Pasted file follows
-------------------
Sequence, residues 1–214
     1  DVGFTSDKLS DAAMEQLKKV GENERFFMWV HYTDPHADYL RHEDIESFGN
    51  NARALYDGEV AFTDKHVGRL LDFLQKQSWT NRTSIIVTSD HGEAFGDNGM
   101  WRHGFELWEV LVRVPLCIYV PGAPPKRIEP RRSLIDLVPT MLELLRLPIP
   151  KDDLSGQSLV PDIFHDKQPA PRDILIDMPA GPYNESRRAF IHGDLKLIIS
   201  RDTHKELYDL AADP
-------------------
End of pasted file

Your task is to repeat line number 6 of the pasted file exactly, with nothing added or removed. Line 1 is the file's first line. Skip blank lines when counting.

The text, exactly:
   201  RDTHKELYDL AADP